The Evolution of Religion from Adolescent to Adult

“There is no need for temples, no need for complicated philosophies. My brain and my heart are my temples; my philosophy is kindness.” -Dalai Lama

I adored the stained glass figures that greeted me at the door and I craved the sound of the guitars steel strings as it was carefully strummed. The songs, the hymns, sung by young and old for hundreds of years still put my mind at ease as I used to settle into my pew and now my bed.

The pastor’s booming voice doesn’t break through my wall of thought anymore. He spoke of loving thy neighbor and being the light in the darkness. Each sermon ended with him stating “Don’t let Sunday be the only day you stop and think of God.” Yet, even though this was preached to me every week that is exactly what I did.

I would leave the stained glass building as the same hypocrite I was before I entered it. Nothing in my heart had changed. Yet, I believed I was a better person because I graced the church’s stone steps with my delicate feet. The lack of empathy and sympathy I felt for my fellow man was still there, and shown through my every word and action constantly contradicting each sermon that Jesus ever gave. Gradually, the blind faith with which I had followed Christianity as a child drifted away and left me hollow. My prayers contained no meaning for me and because, in my heart, I didn’t care it was as if God had ceased caring as well.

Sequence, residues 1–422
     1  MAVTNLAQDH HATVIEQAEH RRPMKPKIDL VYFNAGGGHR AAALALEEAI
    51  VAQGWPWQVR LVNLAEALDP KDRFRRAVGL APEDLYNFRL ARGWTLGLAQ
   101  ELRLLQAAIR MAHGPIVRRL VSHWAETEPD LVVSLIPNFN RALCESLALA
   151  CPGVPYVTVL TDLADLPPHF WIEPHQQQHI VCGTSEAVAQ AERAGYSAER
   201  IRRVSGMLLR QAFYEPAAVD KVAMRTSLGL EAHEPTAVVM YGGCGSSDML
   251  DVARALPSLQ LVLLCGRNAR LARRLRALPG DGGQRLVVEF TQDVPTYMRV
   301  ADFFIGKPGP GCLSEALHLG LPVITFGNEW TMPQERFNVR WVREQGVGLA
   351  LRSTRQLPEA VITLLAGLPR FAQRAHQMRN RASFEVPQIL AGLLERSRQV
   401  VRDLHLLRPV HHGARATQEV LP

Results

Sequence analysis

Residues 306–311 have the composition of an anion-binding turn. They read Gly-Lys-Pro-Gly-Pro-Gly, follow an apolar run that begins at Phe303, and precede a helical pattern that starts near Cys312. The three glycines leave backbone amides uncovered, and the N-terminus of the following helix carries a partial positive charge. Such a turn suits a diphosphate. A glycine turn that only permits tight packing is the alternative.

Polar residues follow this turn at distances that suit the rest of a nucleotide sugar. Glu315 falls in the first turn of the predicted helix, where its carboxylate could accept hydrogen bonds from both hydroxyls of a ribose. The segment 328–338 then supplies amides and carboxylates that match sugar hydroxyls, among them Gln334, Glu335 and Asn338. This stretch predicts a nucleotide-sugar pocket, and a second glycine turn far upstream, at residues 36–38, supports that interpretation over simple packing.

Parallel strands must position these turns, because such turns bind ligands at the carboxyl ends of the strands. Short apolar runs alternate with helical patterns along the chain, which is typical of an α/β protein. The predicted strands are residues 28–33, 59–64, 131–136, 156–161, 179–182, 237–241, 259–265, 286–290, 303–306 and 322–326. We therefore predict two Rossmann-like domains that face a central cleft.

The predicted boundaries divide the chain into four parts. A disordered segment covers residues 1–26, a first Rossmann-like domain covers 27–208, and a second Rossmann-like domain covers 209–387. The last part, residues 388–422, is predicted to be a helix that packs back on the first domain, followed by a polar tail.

I learned later that religion is a relationship. Carving out time every day is necessary for the relationship to take root and grow. Just as it is pertinent to speak to a best friend everyday, it is equally important to speak to God often.

This is what I had forgotten, and as I turned inward to find myself, I, ironically, grew further from myself.

One night I lay in bed and pondered whether I should look into a different religion. I had, and still have a great respect for Buddhism and its many philosophies, but it occurred to me that I had never read the whole Bible, so I made it my goal to read a chapter of the Bible every night and if I felt abandoned by the time I was done; I would find a new religion.

I am now 2/3rds of the way through the Bible and have taken each book’s unique message to heart. The Old testament taught me about having complete faith in God while the New Testament taught me that everyone deserves to be treated with respect and kindness. I don’t go to church any longer. I have tried to go back and take in the beat if the drums and the silky smooth voices of the singers, but I enjoy to be alone in the quiet of my room more than in the noise if the atrium. My brain and my heart are now my temples. The only philosophies I listen to are those in the bible, and at the base of each of those is kindness.